It is provided by the charter, section 376, that no suit shall be brought on any claim for money or damages against the city of Los Angeles, until a demand for the same has been presented “as herein provided, and rejected in whole or in part.” It is also required by section 363 that “every claim and demand against the city * * * shall be first presented to and approved in writing by the board, officer or employee authorized by this charter to incur the expenditure or liability represented thereby.” Also it is provided, section 368, that “no demand can be approved by any board, officer, or employee, or be audited, unless it specify each several item, with the date and amount thereof.” It seems to be settled law that the provisions of section 363 of the charter apply to and include claims and demands such as the one in question here. Beeson v. City of Los Angeles, 115 Cal. App. 122, 129, 300 P. 993.
The only evidence offered by the plaintiff for the purpose of proving a demand addressed to the board of harbor commissioners consisted of a letter addressed by the plaintiff to Mr. Edwards, the general manager, and a reply thereto, and a report of the accident made by Mr. Edwards to the harbor commission. The court rejected this evidence. We think the objection to the documents was properly sustained, as they were not in form sufficient to comply with the requirements of the charter to which we have referred. Even if the letter addressed to Mr. Edwards, together with the use which was made of it, might be construed to make of it a document presented to the board, it would not be a sufficient demand. Without adverting to other defects, it is sufficient to note that there was no specification of the amount demanded or claimed.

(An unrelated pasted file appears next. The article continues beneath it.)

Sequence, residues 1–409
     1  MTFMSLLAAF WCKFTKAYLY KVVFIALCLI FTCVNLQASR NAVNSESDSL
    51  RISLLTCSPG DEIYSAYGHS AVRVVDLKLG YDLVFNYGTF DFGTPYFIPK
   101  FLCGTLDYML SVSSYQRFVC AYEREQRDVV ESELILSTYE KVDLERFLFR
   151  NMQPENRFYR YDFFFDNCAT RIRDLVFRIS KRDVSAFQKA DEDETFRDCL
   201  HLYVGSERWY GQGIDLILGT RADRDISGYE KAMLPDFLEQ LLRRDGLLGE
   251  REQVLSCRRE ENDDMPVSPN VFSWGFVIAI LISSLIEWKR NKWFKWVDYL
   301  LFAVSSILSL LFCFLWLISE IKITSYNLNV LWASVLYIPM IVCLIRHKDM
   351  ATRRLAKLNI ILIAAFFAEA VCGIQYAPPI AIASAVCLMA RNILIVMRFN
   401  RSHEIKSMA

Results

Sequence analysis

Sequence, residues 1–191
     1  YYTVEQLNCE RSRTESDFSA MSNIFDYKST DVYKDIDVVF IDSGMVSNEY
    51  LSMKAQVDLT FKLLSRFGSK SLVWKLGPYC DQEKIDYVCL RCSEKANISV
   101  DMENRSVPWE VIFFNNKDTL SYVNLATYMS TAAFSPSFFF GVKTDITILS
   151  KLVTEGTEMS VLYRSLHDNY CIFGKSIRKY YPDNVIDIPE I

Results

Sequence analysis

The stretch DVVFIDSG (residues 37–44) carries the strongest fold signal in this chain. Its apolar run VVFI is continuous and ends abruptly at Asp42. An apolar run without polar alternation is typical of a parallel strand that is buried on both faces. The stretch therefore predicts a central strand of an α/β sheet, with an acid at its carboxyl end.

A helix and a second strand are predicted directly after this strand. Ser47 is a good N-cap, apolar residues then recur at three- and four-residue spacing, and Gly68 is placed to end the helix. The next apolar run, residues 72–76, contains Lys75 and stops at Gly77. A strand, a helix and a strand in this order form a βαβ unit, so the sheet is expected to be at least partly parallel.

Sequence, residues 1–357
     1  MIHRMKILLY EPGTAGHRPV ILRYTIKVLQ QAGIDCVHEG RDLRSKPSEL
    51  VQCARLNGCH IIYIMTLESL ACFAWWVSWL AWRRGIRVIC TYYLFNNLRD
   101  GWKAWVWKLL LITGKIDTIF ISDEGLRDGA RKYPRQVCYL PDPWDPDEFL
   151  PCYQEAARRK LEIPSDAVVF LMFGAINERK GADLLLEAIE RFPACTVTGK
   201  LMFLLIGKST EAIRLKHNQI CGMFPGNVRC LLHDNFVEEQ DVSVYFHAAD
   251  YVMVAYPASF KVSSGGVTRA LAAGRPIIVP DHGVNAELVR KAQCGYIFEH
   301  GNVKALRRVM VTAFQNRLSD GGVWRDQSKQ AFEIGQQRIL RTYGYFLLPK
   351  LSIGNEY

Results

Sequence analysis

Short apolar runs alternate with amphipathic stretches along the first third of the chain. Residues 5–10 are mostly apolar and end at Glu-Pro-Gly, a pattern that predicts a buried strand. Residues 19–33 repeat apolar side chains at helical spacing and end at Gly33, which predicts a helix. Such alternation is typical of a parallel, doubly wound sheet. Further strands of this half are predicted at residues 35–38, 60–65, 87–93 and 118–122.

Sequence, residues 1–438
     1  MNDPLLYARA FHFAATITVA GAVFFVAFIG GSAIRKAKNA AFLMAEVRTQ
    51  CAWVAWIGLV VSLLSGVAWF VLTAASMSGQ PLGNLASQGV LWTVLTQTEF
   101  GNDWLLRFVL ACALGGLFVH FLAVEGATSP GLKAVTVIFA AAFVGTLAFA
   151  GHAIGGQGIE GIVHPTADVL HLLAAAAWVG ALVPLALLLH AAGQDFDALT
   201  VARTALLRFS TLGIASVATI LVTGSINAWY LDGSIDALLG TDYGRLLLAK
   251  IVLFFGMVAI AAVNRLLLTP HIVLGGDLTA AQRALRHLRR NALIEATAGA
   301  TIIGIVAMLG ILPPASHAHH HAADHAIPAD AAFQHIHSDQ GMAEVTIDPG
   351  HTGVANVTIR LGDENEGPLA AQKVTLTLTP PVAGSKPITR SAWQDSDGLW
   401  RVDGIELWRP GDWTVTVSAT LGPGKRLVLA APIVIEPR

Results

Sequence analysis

The plaintiff also offered to introduce into evidence and to prove the presentation of another more formal and definite demand which he presented to the city council, and which was rejected by that body. To this evidence objection was made that the document offered did not tend to prove any issue presented by the case, and particularly that the presentation to the council of a claim or demand of the kind involved in this action is not proper or effective for any purpose. The court did not err in sustaining the objection. Under the provisions of the charter to which we have referred, the presentation to the board of harbor commissioners of a demand substantially complying with the provisions of the charter was essential to the plaintiff's right of action, and the failure to present such demand could not be cured by presenting a demand to the city council.
The judgment is affirmed.
CONREY, Presiding Justice.
We concur: HOUSER, J.; YORK, J.